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Humming between the bookstacks

Something is stirring in libraries. Past the Agatha Christies and Aga sagas you may find the future of information technology. Chris Abbott looks at public access to CD-Roms and the Internet.

In a few years' time, if Bill Gates and others are to be believed, we will all be checking our PC wallets in at the library so that they can be re-charged with reading material, rather than taking out books in the way we do now. Libraries are changing, and changing radically; across the UK, new initiatives and projects are forming the future of this long-lasting public service.

Changing an institution as well-established as a library is not an easy task. Only one library service, Norfolk, has the opportunity to plan and build a 21st-century library - Technopolis - and then only because the previous Norwich Public Library burnt down in a disastrous fire which may also turn out to have created a unique opportunity.

In many libraries, CD-Rom computers have now joined database terminals, which themselves took the place of laboriously-produced card catalogues. These changes have mirrored developments in the home and school, and have therefore caused little surprise to most library users. The next wave of change is likely to have much more effect, as libraries grapple with the difficulties of setting up loan services for electronic data - services which could well be offered at a distance, with personal visits to the library no longer required.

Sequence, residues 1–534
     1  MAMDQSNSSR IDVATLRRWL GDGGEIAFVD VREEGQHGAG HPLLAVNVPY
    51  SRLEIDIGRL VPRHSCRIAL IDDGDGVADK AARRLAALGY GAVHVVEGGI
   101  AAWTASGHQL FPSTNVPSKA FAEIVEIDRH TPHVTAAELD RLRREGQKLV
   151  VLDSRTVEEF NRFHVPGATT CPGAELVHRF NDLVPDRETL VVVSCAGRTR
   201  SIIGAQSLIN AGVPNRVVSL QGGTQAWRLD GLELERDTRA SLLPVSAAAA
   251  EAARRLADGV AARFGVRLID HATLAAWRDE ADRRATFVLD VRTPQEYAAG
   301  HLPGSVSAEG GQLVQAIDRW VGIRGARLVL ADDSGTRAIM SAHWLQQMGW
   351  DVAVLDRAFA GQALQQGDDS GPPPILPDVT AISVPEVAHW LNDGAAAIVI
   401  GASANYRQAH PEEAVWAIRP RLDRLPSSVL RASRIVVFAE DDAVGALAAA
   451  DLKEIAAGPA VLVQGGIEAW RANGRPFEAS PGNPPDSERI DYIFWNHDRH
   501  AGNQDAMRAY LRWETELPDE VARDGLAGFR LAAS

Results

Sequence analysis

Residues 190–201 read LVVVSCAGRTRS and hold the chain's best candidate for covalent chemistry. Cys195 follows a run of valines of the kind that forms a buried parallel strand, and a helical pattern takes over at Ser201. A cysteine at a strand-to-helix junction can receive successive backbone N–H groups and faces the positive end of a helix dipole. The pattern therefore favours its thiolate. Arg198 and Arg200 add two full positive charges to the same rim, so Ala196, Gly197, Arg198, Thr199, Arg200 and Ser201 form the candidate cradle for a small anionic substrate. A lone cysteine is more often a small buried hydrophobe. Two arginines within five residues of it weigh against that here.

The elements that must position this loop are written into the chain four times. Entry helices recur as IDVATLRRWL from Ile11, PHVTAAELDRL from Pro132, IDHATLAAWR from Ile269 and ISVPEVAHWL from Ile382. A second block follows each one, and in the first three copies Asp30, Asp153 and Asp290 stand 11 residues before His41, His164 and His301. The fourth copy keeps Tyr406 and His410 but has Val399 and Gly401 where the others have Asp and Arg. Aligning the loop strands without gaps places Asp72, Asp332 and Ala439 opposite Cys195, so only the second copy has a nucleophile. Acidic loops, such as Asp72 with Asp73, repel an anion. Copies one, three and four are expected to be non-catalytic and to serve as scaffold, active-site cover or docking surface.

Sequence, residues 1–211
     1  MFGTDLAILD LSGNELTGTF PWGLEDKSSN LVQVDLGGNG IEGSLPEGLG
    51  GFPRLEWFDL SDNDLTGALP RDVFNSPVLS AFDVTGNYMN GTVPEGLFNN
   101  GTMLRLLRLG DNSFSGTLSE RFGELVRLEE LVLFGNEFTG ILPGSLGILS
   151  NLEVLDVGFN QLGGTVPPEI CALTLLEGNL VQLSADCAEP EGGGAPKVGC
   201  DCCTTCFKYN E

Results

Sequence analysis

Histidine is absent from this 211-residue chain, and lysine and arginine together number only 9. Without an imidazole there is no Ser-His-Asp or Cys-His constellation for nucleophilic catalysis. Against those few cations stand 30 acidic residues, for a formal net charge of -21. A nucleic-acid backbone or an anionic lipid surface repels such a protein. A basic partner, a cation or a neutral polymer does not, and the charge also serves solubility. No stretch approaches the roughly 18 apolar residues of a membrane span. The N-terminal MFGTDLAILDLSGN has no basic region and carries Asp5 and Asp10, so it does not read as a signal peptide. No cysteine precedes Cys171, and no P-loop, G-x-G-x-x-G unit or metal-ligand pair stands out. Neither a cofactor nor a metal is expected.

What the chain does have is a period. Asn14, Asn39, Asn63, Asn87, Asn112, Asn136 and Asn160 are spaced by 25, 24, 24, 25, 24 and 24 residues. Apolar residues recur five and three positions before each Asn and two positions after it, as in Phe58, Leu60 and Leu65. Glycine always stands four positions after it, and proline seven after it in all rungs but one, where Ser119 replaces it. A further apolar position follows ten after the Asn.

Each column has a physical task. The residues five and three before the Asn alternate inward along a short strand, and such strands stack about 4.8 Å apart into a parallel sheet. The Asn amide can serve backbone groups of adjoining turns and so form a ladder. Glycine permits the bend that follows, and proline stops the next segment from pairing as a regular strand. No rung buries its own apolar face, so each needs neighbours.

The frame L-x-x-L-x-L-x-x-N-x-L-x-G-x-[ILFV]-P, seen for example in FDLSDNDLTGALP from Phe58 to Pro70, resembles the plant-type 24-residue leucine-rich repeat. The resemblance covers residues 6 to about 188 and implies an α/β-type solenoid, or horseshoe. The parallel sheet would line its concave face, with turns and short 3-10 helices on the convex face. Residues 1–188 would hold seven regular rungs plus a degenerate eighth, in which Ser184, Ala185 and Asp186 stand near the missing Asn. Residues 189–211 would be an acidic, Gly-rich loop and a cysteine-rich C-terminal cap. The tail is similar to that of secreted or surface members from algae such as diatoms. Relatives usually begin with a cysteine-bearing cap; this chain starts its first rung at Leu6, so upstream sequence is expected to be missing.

Wimbledon Library in the London Borough of Merton, like all libraries in the borough, has a Windows-based software package on all its PCs so that users can search for items. Children and their parents can frequently be seen hunting down information on a particular topic, and a useful side-effect of this is the way that those parents are becoming much more IT-literate.

What most libraries are not able to provide is a facility for parents to learn how to use the kind of applications that their children are using at school, or to experience surfing the Internet for themselves, and that is where Input Output Centres come in.

If you walk right to the back of Wimbledon Library, past the fiction shelves and through the reference section, you come to a fairly insignificant door with a welcoming notice pointing up a staircase. Following the signs leads to a room with a suite of computers, centre manager Tim Wright, his welcoming smile, and information about what the centre has to offer. It's one of a relatively new chain of Input Output Centres.

The new centre opened in Marylebone Library in central London, but as the company's director, James Golfar, explains, "This is just the beginning. We open in Richmond in October, Brixton in January and then 12 other centres around the country." During its first nine months of operation, the Marylebone Centre had over 5,000 people through its doors, all of whom paid for the training and access they received.

Although most library services have traditionally been free, the Input Output Centres are commercial ventures. Their reliance on self-supported study makes them much cheaper than traditional group training courses.

The company chose Personal Training Systems from the United States to provide courses, and these are available on major applications such as Microsoft Word, WordPerfect, Excel, Powerpoint, Photoshop and many others. A 10-hour course costs Pounds 85 and can be taken over any time period. The centres are supported by Apple, Microsoft and IBM, which is reflected in the equipment used and applications supported.